Step 1: Cut a slit in the back of the waistband about 1″-1.5″ away from the side seams.

 

For this particular pair of shorts, I needed to cut through the middle thread. I had to rip that thread out (which you’ll see later) so the elastic could fit through the channel in the waistband.

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Step 2: Fold the pants so the two side seams are touching. Then cut an identical slit on the other side.

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Step 3: Dab some Fray Check on the edges of the fabric; let dry 15-30 minutes.

I used little bits of cereal box cardboard to keep the goop from getting on the fabric below it.

I used little bits of cereal box cardboard to keep the goop from getting on the fabric below it.

 

Step 4: Cut a length of buttonhole elastic just wider than the length between the two slits.

Set it aside; you’ll need it in a bit.

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Step 5: Rip out any seams that will impede your elastic from going through the channel in the waistband.

These shorts had a seam sewn that would make slipping the elastic through really difficult. So I used my seam ripper to remove it between the two slits.

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Voila! No more seam:

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Use your crochet hook or latch hook and snake it through the channel between the slits. Make sure you can cleanly pass the elastic through, and if you can’t, use your seam ripper to remove thread/seams until you can. I usually have to tear out a few stitches above the tag, but every pair of pants/shorts will vary a bit.

Step 6: Sew buttons halfway between the slits and the side seams.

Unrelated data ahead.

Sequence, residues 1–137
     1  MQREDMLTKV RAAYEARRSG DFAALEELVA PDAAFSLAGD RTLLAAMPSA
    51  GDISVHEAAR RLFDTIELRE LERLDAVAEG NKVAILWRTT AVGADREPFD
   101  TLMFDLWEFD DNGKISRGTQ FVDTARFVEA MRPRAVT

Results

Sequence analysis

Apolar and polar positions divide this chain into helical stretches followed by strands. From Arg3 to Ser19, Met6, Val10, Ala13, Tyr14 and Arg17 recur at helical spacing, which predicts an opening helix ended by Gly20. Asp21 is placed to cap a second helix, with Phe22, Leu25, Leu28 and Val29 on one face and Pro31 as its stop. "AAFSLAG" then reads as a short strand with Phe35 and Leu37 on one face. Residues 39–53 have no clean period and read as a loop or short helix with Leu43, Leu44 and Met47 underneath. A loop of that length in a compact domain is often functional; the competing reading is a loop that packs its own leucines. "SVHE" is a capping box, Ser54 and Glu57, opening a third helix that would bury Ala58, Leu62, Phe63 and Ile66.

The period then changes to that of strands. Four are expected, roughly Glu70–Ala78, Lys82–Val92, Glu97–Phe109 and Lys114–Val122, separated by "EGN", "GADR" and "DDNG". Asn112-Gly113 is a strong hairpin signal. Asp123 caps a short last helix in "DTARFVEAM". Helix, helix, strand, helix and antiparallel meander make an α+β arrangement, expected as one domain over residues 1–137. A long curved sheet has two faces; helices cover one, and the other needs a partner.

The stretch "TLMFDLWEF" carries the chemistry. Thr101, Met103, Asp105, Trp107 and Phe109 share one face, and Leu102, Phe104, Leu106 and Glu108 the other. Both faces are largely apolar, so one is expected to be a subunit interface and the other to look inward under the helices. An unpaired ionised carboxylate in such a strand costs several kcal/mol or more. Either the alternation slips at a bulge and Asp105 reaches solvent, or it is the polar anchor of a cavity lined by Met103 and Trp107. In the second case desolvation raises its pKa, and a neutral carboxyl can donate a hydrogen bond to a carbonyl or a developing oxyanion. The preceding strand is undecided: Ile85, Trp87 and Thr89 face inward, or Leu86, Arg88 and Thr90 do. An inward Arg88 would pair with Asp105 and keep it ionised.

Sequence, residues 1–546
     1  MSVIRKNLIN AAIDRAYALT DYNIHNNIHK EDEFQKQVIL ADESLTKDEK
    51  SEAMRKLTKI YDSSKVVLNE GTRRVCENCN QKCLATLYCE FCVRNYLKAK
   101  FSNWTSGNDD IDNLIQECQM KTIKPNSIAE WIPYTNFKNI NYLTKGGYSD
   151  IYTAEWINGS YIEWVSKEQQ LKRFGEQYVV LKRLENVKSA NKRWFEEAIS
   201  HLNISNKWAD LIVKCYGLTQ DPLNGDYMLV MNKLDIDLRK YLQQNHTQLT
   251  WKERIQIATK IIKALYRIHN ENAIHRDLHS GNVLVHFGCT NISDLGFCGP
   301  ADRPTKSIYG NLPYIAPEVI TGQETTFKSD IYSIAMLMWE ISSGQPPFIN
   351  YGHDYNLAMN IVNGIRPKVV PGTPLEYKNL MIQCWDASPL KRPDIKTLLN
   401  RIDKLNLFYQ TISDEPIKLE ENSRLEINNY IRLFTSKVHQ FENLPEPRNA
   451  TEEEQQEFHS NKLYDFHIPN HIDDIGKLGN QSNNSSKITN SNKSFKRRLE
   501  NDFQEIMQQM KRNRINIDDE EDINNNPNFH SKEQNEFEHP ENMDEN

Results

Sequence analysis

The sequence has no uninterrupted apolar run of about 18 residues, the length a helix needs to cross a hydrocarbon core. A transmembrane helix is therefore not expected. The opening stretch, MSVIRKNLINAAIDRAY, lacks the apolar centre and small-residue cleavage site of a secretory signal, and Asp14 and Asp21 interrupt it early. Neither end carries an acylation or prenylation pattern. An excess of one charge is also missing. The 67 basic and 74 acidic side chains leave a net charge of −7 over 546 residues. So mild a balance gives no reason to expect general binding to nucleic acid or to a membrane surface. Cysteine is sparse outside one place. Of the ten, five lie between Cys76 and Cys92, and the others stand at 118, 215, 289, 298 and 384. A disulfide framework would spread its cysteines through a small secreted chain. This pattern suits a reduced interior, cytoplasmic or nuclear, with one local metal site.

I’m embarrassed to admit I never really bothered to learn the right way to sew on a button. So I found this button-sewing tutorial enlightening. It’s written for a dude, so you know it’s idiot proof. 😉

It’s best to use thread that blends in with your fabric, since the stitches will be visible on the outside of the waistband.

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Step 7: Pull the elastic through the channel.

Here’s how I like to do it: button the right side of your buttonhole elastic to the button you sewed. Insert your crochet or latch hook into the left-hand slit until it comes out the right slit. Grab your buttonhole elastic with the hook and pull it through.

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Step 8: Adjust as needed for your scrawny kid.

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This is much preferred to the obnoxious lump of elastic I got from Plan D.

When I put the pants on Squeak this morning, they looked perfectly normal.  Happy kid, happy mom!

 

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This post contains affiliate links, which means if you click the links and buy something, I get a teeny weeny bit of cash money. Thanks, friends!